One of the few remaining questions centered on the possibility that fertility control and a plethora of non-pregnant animals would change the complex social behaviors and structures of elephant society. Unfortunately, Kruger is not a good place to study behavior because of the dense bushveldt in which the animals live.

The Makalali Experience

Makalali, a private game park in South Africa, requested the research team begin long-term studies on its grounds as the Kruger project neared completion. This park had about 60 elephants on limited land and its officials didn't want many more animals. At the same time, it was not interested in pursuing lethal controls because of opposition from the public. In this long-term study, the formulation and doses of the vaccine were altered, treatment was remote and the focus of the study was on behavior.

This study is ongoing and is entering its fifth year, but already a number of important discoveries have been made. First, the change in formulation of the vaccine led to a 100 percent efficacy in contraception, as opposed to the 75 percent efficacy achieved at Kruger. Second, it was revealed that smaller doses can bring about contraception, which has reduced the cost. The study has also confirmed the earlier discoveries that the vaccine was safe to give to pregnant animals. No behavioral consequences have yet been discovered, except that animals became more wary of the darters. The PZP vaccine does not inhibit estrous cycles, but bulls did not harass treated females over the course of the study. Perhaps most importantly, it was demonstrated that fertility control could manage an entire population, and growth of this herd has stopped. None of the 350 elephants we treated died in this study.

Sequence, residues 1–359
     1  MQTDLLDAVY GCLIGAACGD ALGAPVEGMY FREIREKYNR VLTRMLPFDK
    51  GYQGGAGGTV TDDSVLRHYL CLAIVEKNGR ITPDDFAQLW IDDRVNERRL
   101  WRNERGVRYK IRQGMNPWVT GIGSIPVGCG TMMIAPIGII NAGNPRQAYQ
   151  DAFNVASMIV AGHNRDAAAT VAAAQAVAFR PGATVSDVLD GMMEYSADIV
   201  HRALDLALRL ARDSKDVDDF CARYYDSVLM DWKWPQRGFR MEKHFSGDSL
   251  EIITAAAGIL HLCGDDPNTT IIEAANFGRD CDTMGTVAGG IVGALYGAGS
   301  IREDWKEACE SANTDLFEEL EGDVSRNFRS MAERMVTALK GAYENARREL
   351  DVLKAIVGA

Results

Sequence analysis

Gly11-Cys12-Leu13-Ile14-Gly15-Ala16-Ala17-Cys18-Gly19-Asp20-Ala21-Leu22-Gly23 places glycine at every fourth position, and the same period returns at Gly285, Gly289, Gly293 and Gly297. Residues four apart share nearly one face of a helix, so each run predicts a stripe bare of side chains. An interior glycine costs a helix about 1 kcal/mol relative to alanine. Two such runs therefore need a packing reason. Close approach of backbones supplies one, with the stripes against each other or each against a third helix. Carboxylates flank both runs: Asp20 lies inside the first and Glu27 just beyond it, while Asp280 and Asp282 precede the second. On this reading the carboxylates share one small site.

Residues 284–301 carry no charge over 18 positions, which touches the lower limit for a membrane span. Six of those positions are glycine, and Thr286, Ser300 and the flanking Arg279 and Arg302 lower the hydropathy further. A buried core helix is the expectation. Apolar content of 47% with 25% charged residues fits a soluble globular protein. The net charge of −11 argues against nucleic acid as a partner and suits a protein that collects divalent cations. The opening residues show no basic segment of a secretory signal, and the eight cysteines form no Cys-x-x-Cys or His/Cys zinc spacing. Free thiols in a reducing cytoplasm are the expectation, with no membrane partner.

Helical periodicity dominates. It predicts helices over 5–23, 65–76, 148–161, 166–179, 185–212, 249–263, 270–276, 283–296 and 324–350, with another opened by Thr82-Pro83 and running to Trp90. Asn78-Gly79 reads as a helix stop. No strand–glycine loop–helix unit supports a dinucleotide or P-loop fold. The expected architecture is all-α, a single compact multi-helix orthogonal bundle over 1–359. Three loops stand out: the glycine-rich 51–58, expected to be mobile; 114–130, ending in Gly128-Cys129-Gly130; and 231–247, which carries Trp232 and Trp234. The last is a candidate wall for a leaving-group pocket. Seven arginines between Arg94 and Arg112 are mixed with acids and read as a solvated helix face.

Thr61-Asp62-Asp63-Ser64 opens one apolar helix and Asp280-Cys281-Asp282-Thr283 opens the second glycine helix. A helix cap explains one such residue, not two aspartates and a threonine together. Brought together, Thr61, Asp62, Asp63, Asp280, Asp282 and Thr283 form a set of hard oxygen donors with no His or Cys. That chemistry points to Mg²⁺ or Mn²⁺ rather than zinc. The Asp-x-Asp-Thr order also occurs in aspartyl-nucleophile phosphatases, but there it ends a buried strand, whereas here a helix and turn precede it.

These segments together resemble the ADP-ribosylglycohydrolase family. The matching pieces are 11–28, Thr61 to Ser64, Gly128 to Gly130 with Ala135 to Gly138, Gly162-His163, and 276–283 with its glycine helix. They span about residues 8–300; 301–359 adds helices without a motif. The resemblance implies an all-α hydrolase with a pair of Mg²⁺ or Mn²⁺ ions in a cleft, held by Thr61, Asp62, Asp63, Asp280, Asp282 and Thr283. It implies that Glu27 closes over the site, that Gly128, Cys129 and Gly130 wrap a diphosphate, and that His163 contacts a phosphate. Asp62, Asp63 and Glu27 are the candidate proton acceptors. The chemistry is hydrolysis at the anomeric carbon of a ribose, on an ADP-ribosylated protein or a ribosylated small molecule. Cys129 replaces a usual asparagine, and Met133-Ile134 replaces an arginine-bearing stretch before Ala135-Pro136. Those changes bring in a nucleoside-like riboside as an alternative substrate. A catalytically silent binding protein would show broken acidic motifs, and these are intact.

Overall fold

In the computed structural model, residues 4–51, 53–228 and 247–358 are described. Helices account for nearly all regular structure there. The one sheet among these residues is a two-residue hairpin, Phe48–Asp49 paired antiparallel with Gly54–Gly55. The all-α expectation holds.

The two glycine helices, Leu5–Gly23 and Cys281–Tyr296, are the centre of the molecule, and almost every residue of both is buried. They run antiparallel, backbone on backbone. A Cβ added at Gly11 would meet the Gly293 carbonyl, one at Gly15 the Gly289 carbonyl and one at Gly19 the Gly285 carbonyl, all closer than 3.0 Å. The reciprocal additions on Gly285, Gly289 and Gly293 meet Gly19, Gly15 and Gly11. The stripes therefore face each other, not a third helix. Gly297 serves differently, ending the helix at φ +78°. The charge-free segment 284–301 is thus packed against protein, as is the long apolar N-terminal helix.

The success at Makalali led to enthusiasm from a number of game reserves throughout South Africa, and the demand for vaccine increased to the point that the Science and Conservation Center was unable to provide the large quantities needed and still meet the domestic demands for wild horses, zoo animals and deer in the United States. This phenomenon led to the third phase of the elephant contraceptive program.